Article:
County of Marin - News Releases - Storm Damage Estimate

For Immediate Release
December 29, 2014

Marin Damage from Recent Storm: $13.3 Million

Estimate represents preliminary figures from all public and private parties

San Rafael, CA – Marin County sustained an estimated $13,321,134 in damage from flooding, mudslides, winds, high tides and other storm damage since the December 10-11 downpour, according to the County of Marin’s initial damage estimate.

A roads crew clears fallen trees from a West Marin road.The estimate, compiled by the Marin County Department of Finance, Department of Public Works and the Marin County Sheriff-Coroner’s Office of Emergency Services, includes $9,324,134 in damage to public property. The total represents combined storm damage estimates from the County of Marin and all other municipalities, special districts and government agencies.

An estimate of $3,997,000 in private damages includes 34 homes, 11 businesses and two outbuildings.

Public assistance damage estimates included:

  • $4,640,000 for landslides on Highway 1, Tennessee Valley Road, Manzanita Road and Throckmorton Avenue
  • $4,089,000 for levee damage in Novato and a dune washout in Stinson Beach
  • $294,000 for leaks and collapses in County-maintained buildings
  • $191,422 for extra staffing during the storm
  • $108,712 for damage and debris clearing countywide

The most expensive single item on the public damage estimate is $4,640,000 for slide damage along roads. Major slides took place on Highway 1, also known as Shoreline Highway, between Muir Beach and Muir Woods National Monument. That repair is under the jurisdiction of the California Department of Transportation, or Caltrans. Other significant slides took place along Tennessee Valley Road, Manzanita Road, Muir Beach Road and Throckmorton Avenue.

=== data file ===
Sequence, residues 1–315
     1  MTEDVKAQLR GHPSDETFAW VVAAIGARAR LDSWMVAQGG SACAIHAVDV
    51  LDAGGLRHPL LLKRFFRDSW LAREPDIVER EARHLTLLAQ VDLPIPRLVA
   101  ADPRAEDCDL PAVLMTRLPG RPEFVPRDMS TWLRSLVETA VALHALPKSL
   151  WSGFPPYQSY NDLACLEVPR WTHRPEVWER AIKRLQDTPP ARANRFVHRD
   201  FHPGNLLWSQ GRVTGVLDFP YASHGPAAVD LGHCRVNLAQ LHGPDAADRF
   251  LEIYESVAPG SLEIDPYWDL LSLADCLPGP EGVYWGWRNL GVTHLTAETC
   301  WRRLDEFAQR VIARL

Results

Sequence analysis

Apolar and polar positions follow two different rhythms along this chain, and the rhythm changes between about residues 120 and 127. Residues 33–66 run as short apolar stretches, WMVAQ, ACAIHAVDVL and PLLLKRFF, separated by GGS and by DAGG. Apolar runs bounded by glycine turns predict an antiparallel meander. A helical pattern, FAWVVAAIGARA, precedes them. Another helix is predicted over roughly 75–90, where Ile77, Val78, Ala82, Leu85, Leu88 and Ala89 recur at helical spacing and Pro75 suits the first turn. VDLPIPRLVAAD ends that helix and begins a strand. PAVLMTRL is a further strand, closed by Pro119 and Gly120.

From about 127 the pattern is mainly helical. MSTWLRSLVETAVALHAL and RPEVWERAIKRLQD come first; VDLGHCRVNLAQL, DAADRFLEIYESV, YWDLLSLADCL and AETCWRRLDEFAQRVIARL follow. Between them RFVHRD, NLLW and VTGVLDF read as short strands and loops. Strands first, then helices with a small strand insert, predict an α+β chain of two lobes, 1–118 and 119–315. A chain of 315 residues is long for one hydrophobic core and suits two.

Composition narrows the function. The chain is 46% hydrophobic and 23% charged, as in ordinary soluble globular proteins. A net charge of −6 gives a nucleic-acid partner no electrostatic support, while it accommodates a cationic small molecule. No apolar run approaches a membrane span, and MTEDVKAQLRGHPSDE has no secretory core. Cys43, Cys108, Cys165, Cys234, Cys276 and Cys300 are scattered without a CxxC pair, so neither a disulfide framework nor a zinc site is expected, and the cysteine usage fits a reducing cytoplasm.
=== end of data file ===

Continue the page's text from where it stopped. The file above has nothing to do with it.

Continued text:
The estimate also includes $4,089,000 for stabilization and long-term repair of levee damage along Novato Creek between highways 101 and 37 on the east side of Novato. Management and maintenance of the levees is the responsibility of the Marin County Flood Control and Water Conservation District.

Marin residents suffered private storm-related losses as well. Out of the 34 homes and 11 businesses damaged, two homes and one business sustained what was categorized as major damage, meaning the building is no longer usable without extensive repairs. Individual assistance is only available if the federal government declares a major disaster, and the threshold is often determined by the estimated costs of damage and repairs. A state emergency services spokesman said there is a very low likelihood of a federal declaration in the wake of the December 10-11 storm given the initial estimates of damage statewide.

However, some Marin residents may be eligible for tax relief if they have sustained $10,000 or more worth of storm-related damage. Information and application forms for individual disaster relief may be obtained by writing the Office of Assessor-Recorder-County Clerk, County of Marin, P.O. Box C, San Rafael, CA  94913 or by telephone at (415) 473-7215 between the hours of 9 a.m. and 4 p.m. Forms are also available at the Assessor-Recorder-County Clerk’s website.

California Governor Jerry Brown declared a state of emergency December 22 to help pay for storm-related road damage in four counties, including Marin, since the December 10-11 storm. That declaration followed a December 16 proclamation of a state of emergency by the Marin County Board of Supervisors. The state declaration launched procedural steps to create the possibility for local reimbursement for storm damage.

County officials have worked on the initial damage estimate since the local proclamation on December 16. The estimate incorporates local damage reports to forward to the state for consideration of reimbursement from both the state and federal government. The state allows changes to the amount in a county’s initial damage estimate, particularly if state and federal government agencies elect to take the next step in the reimbursement process and conduct a preliminary damage assessment.

State law dictates that a governing body that has declared a local state of emergency shall review the need for continuing the local emergency at least once every 30 days. The first review is scheduled for the January 13, 2015, meeting of the Board of Supervisors.

Sign up to receive emergency alerts on your cell phone at Learn more about emergency preparedness at


Christopher Reilly
Office of Emergency Services

Emergency Operations Facility
1600 Los Gamos Drive
Suite 200
San Rafael, CA 94903
(415) 473-6584
Email: Christopher Reilly
OES website